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Rheumatoid arthritis is a chronic disease in which the body's immune system attacks the joints. The inflammation can become severe, impacting function and appearance of the hands, as well as other parts of the body. In the hand, rheumatoid arthritis may cause deformities in the joints of the fingers, making movement difficult. Lumps, known as rheumatoid nodules, may form over small joints in the hands and the wrist.
The Center for Joint Care is the one place in San Diego where patients with degenerative joint disease and pre-arthritic conditions receive advanced comprehensive joint care. Learn more.
Juvenile rheumatoid arthritis (JRA) is a form of arthritis in children ages 16 or younger that causes inflammation and stiffness of joints for more than six weeks. Unlike adult rheumatoid arthritis, which is chronic and lasts a lifetime, children often outgrow JRA. However, the disease can affect bone development in growing children.
The exact cause of rheumatoid arthritis is not known. Rheumatoid arthritis is an autoimmune disorder, which means the body's immune system attacks its own healthy cells and tissues. The response of the body causes inflammation in and around the joints, which then may lead to a destruction of the skeletal system. Rheumatoid arthritis may also have devastating effects on other organs, such as the heart and lungs. Researchers believe certain factors, including heredity, as well as smoking, may contribute to the onset of the disease.
Rheumatoid arthritis affects more women than men - 70 percent of rheumatoid arthritis suffers are women. The disease most often occurs between the ages of 30 and 50, but is becoming more prevalent in older individuals
The joints most commonly affected by rheumatoid arthritis are in the hands, wrists, feet, ankles, knees, shoulders and elbows. The disease typically causes inflammation symmetrically in the body, meaning the same joints are affected on both sides of the body, but there are many exceptions. Symptoms of rheumatoid arthritis may begin suddenly or gradually. People experience symptoms differently, but the following are the most common symptoms of rheumatoid arthritis in the hands:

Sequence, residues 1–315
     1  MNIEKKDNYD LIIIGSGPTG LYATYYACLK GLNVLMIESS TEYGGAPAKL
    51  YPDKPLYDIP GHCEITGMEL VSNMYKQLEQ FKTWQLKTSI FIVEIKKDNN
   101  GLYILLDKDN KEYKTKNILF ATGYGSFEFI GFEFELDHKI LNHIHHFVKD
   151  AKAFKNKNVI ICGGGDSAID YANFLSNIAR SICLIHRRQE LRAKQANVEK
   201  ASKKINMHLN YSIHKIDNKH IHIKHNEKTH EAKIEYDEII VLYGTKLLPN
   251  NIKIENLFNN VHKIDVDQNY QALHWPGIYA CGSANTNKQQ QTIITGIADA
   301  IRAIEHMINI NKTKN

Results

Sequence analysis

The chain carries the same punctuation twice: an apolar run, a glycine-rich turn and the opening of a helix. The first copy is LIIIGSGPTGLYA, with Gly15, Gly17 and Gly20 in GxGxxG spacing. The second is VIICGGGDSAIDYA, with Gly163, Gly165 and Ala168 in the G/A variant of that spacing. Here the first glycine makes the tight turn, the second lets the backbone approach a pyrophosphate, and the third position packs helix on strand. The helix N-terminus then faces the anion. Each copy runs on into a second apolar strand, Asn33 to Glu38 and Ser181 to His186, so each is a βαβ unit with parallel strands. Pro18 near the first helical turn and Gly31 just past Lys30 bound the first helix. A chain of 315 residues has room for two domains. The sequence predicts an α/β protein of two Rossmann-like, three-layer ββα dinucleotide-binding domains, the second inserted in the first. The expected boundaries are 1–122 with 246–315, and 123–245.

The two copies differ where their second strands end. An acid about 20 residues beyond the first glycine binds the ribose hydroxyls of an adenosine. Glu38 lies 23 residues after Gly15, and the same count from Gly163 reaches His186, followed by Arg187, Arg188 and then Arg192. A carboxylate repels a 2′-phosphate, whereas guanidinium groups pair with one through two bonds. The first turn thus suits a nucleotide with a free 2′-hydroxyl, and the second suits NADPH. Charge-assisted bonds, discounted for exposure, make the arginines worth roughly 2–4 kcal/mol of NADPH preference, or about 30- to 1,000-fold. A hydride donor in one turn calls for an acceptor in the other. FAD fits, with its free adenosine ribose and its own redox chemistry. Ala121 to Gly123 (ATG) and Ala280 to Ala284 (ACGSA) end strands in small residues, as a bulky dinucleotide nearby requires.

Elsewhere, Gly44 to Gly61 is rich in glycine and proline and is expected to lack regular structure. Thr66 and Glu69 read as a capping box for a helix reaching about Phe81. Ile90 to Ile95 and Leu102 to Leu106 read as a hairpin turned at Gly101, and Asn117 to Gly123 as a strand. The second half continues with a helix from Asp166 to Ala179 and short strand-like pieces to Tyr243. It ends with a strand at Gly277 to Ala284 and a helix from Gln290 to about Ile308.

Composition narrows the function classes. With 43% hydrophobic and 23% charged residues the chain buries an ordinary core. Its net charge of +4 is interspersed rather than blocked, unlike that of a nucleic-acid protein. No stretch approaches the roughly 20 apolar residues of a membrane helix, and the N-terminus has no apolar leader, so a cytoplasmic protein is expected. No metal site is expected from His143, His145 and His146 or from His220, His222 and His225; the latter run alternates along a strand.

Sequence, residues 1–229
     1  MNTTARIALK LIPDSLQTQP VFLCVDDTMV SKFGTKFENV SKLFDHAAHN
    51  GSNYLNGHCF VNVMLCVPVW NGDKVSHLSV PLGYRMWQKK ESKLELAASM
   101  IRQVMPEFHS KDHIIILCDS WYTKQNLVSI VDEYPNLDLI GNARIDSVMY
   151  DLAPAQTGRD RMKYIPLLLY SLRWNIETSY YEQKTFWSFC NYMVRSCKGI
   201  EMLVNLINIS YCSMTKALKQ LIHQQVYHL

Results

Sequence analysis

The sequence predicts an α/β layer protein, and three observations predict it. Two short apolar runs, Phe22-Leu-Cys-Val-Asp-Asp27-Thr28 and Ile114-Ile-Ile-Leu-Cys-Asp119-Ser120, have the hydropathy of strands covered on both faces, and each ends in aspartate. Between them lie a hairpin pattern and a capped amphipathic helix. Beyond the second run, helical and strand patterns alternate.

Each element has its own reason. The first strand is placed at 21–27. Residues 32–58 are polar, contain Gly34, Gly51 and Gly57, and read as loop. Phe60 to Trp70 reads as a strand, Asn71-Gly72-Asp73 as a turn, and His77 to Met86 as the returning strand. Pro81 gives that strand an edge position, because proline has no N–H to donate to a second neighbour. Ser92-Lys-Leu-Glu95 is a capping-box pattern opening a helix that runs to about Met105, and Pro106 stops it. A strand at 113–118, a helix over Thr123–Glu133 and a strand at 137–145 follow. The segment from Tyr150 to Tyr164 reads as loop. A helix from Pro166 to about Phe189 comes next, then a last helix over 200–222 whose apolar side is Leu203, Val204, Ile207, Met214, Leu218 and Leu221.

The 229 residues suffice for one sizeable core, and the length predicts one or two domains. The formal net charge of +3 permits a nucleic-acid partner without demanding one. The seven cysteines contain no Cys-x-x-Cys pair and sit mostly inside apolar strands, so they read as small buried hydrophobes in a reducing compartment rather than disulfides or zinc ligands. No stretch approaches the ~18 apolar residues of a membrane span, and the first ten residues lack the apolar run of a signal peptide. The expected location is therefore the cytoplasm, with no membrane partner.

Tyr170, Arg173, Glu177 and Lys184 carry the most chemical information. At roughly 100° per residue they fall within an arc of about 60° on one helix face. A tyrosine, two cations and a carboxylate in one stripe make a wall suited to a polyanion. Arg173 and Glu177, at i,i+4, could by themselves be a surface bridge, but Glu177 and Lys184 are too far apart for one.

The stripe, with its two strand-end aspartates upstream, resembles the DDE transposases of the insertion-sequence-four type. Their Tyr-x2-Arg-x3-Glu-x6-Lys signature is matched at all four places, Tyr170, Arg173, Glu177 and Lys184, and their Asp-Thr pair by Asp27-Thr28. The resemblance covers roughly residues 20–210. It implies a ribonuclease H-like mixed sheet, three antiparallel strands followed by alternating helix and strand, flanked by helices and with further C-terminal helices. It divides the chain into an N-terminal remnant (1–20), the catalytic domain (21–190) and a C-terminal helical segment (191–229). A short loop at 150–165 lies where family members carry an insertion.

The symptoms of rheumatoid arthritis may resemble other medical conditions or problems. Consult your physician for a diagnosis.
At UC San Diego Health System we have a board-certified rheumatologist who can provide a thorough examination, as well as any needed testing to determine whether or not you have rheumatoid arthritis.
Diagnosis of rheumatoid arthritis may be difficult in the early stages, because symptoms may be very subtle and go undetected on x-rays or blood tests. In addition to a complete physical examination and discussion of your medical history, diagnostic procedures for rheumatoid arthritis may include the following:
Studies have shown that damage to joints occurs in the majority of people with rheumatoid arthritis within two years. Irreversible joint damage, chronic pain and long-term disability can occur if rheumatoid arthritis is not diagnosed and treated aggressively early.
Initial treatment options include:
Our compassionate, patient-centered joint team provides customized joint replacement and resurfacing using the latest proven components and surgical techniques. The primary purpose of surgery is to reduce pain, improve the affected joint’s function and improve the patient’s ability to perform daily activities. Read more about joint replacement and resurfacing at the Center for Joint Care at UC San Diego Health System.
Read about other areas of expertise of UC San Diego Health System's orthopedic surgeons.
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